When studying criminal justice at Bethany, you will receive:
- Small classes with high-quality instruction;
- Faculty who care about student learning;
- Practitioners with advanced degrees who’ve “been there/done that”;
- Internship opportunities with local, regional, and statewide criminal justice & human services agencies;
- Classes based on theory and real-life situations;
- Opportunities to participate in extra-curricular clubs;
- Courses designed to help confirm your decision about a criminal justice career early in your college education.
What can I do with a criminal justice degree from Bethany College?
Graduates from our criminal justice program have gone on to become:
- State Troopers;
- City and County Law Enforcement;
- City Prosecutors;
- Practicing Attorneys;
- Probation and Parole Officers;
- Corrections Officers;
- Court Services Officers;
- Substance Abuse Counselors;
- Mental Health Professionals;
- Social Workers;
- Victim Advocates;
- Case Managers.
Our students also go on to pursue graduate degrees and military careers.
Dr. Kinnaird offered up Michelle Rambo, an active student at Bethany College, to be interviewed and she agreed. The online Q & A is featured HERE.
North Central Association of Colleges and Schools.
Our curriculum reflects the national standards set by the Academy of Criminal Justice Sciences.
Dr. Kinnaird has nearly two decades as a scholar-practitioner in the field of criminal justice. He grew up in Salina, Kansas and began his career as a deputy with the Ellis County Sheriff’s Department in Hays, Kansas. During his police tenure, Kinnaird served as a jail officer and certified law enforcement officer holding assignments in patrol, investigations, field training, defensive tactics and tactical team operations. He was also a guest use of force instructor at the Kansas Law Enforcement Training Center. Dr. Kinnaird served the Hays community for ten years.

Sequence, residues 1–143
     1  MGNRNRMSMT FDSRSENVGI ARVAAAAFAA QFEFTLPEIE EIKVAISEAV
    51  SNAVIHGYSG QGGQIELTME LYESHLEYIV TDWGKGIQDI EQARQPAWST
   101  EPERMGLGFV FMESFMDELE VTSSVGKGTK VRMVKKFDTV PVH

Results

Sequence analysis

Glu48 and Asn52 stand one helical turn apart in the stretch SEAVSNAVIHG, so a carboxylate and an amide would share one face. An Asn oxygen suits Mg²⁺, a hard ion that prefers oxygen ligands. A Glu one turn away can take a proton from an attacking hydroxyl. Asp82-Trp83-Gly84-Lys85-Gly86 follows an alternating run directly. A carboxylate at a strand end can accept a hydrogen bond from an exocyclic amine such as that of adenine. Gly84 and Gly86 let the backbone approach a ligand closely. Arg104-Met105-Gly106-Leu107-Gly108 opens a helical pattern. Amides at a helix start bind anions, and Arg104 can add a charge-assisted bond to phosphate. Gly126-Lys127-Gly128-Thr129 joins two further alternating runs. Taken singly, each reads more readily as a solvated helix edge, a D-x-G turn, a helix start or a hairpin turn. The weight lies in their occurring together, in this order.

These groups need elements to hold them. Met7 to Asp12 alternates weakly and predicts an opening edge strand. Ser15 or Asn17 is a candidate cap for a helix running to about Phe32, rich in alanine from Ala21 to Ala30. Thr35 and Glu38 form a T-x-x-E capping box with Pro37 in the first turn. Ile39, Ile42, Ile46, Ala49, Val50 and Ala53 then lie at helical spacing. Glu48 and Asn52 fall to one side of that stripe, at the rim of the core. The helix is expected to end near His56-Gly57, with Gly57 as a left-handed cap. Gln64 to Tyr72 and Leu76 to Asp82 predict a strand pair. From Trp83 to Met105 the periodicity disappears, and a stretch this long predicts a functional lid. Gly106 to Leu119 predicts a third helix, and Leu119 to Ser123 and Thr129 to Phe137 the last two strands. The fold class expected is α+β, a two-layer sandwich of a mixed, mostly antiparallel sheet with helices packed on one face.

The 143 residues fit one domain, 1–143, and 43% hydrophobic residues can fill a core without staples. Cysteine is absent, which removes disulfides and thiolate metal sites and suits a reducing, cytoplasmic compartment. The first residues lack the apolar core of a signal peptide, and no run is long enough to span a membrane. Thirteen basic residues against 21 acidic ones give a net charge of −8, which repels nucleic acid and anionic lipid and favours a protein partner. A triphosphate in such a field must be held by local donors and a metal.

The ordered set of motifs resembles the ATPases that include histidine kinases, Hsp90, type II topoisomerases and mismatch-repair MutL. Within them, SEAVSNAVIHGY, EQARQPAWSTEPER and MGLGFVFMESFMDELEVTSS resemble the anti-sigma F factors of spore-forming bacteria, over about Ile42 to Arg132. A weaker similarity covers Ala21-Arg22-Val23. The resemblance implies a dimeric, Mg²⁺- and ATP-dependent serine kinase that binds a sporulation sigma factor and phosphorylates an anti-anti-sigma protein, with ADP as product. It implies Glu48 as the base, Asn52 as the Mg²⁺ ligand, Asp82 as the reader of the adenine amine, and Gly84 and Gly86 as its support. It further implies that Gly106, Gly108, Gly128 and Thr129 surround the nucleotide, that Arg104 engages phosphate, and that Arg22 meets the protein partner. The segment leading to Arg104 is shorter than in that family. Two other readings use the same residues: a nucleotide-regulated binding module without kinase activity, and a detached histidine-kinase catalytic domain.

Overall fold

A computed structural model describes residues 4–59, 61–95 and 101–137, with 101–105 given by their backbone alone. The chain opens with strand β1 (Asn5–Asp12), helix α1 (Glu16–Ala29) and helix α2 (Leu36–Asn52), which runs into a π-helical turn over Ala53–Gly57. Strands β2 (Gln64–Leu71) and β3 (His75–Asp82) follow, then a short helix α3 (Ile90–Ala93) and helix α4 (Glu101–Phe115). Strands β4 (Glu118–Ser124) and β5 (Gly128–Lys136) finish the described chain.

As an academic, Dr. Kinnaird is formerly tenured as a department chair/assistant professor of justice studies at Fort Hays State University in Hays, Kansas and department chair/associate professor of criminal justice at the University of the Incarnate Word in San Antonio, Texas. Kinnaird is widely published in a variety of peer-reviewed outlets and has an active training and research agenda.
Dr. Kinnaird earned his B.A. in sociology (1997) and M.L.S. in justice studies (1999) from Fort Hays State University and his Ph.D. in human services/criminal justice (2004) from Capella University, Minnesota. His doctoral dissertation on police misconduct and risk management was published by the International Journal of Police Science and Management.